Basement waterproofing or foundation waterproofing are general terms that describes the range of services performed to fix or prevent a wet basement.
ReNew Services Group has a tested and proven solution to each and every basement dilemma you may have; from moldy and uninsulated crawl spaces to damp or wet basements and buckling foundation walls.
The first step in waterproofing your basement is to identify the source of the water leak. More than 90% of wet basements leak water from the walls and the joint where the floor and wall meet. Basements rarely leak water up through the floor. What happens is surface water collects and builds up in a pocket around the foundation causing hydrostatic pressure. Water is then forced through the joint where the floor and wall meet. Determining the source of the leak is typically easier in an unfinished basement when the water leaves a trail, though we do carry the necessary tools to determine the source regardless of the situation.
Sometimes there may not be a leak at all, but your area is prone to basement flooding. In this case, taking a preventative measure to avoid water damage is a great way to protect your home. As we always say – the best solution is prevention.
6 Reasons to Waterproof Your Basement
- It eliminates moisture. The more moisture you have in your basement, the more likely you will generate mold and mildew
- When you eliminate moisture, you also avoid attracting insects and pests that love damp, moist environments
- Waterproofing protects your valuables; most people use at least a portion of their basement for storage
- Water can damage your furniture, ruin your prized possessions, and destroy family heirlooms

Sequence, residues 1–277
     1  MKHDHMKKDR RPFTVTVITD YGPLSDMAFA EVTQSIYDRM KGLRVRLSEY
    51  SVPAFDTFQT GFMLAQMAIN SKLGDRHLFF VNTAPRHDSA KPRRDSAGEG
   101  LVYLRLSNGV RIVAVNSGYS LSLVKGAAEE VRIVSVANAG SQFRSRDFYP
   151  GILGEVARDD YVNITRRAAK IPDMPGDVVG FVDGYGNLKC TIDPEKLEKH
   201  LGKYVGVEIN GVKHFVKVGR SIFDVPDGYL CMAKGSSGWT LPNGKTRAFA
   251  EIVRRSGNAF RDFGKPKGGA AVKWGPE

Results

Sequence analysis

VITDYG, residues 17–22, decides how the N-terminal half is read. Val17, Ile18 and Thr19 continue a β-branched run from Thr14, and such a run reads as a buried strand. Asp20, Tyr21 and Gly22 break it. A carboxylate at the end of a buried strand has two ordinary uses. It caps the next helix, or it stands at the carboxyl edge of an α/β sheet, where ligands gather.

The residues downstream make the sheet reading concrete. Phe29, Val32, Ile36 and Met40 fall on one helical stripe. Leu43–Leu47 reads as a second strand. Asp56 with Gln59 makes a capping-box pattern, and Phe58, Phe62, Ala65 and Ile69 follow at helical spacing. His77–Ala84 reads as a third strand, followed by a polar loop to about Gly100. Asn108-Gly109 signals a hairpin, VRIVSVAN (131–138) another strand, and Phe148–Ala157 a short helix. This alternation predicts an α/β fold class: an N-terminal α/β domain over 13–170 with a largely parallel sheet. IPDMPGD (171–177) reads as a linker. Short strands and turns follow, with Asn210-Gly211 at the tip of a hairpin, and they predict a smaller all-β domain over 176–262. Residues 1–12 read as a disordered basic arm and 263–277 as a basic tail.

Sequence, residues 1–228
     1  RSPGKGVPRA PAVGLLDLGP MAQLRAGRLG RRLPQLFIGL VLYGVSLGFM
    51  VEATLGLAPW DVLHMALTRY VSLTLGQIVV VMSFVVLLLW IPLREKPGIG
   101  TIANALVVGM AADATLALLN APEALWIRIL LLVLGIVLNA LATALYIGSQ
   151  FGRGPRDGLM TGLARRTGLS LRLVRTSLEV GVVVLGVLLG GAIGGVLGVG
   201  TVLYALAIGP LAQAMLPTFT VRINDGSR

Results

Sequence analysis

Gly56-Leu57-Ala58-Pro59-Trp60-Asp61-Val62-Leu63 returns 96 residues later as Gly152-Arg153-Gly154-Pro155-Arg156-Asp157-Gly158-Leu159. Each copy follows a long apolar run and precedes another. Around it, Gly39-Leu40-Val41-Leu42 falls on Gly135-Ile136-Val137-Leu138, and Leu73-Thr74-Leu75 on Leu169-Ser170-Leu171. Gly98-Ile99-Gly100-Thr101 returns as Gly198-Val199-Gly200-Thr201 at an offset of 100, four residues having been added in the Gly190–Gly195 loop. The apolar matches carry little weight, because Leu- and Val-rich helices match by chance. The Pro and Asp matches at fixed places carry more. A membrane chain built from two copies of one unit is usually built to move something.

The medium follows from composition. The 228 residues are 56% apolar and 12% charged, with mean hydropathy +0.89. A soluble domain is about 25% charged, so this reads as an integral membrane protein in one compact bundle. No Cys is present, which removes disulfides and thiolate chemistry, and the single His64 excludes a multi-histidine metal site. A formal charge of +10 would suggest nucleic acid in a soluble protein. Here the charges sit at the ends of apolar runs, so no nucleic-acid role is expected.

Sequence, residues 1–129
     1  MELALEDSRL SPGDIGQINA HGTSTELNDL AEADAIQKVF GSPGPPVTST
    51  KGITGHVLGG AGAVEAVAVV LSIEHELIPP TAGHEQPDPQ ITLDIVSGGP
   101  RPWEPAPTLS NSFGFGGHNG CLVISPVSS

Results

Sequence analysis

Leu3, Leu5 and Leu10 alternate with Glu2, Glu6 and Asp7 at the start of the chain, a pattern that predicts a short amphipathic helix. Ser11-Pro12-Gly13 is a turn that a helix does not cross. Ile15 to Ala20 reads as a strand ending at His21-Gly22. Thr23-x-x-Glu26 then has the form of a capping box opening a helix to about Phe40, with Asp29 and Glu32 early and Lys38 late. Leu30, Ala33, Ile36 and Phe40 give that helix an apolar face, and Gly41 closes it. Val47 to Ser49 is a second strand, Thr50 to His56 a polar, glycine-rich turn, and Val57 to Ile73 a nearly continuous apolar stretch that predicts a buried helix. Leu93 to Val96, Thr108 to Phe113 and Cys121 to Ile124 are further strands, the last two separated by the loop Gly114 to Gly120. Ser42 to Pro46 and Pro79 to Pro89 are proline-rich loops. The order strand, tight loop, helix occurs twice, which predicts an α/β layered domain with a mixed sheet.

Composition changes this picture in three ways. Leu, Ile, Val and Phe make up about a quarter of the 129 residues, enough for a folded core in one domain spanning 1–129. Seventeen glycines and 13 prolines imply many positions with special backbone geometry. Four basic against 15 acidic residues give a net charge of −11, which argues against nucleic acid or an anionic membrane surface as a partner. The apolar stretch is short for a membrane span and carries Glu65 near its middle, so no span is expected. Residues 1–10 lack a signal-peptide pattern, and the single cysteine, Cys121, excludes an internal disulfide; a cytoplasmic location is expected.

- Water and moisture have the potential to eat away at your foundation, causing the structural integrity of your home to weaken. Waterproofing your basement improves the structural integrity
- Without water prevention, you may be at a great risk for damage in the event of a natural disaster
How is it Done?
Exterior waterproofing prevents water from entering foundation walls therefore preventing the wicking and molding of building materials. Waterproofing a structure from the exterior is the only method the IBC (International Building Code) recognizes as adequate to prevent structural damage caused by water intrusion. Prior to the 1980s much of the original exterior waterproofing was actually damp-proofing using a degradable asphalt-based covering. Waterproofing an existing basement begins with excavating to the bottom sides of the footings. Once excavated, the walls are then sealed with a waterproofing membrane and new drainage (weeping tiles) are placed at the side of the footing.
Other Waterproofing Options
When you’re looking into a new basement waterproofing system, to keep your walls and foundation dry, you’ll notice that there isn’t just one system that works for everyone.
Most interior basement waterproofing system start with the introduction of a sump pump, which moves water that is sitting below the foundation of your home, to move away from your home and not land in your basement. Ideally, most interior basement waterproofing systems create a function for water to not enter your basement, but also a design to remove it, in case it does. Interior basement waterproofing is known to be messy, which is why some people opt out of this method, especially if your basement is finished. Interior systems on your finished walls have to be pulled out, replaced, and cause more work for many homeowners. However, for minor basement waterproofing issues, many people stick with interior basement waterproofing for cost purposes.
While basement waterproofing has several different methods of conduction, they all have the same goal: keeping your home dry. It’s crucial for you to weigh all the options when it comes to basement waterproofing, to find which method is perfect for you. If you call ReNew Services Group today, we can offer a full inspection, to help you make the right decision for you and your home.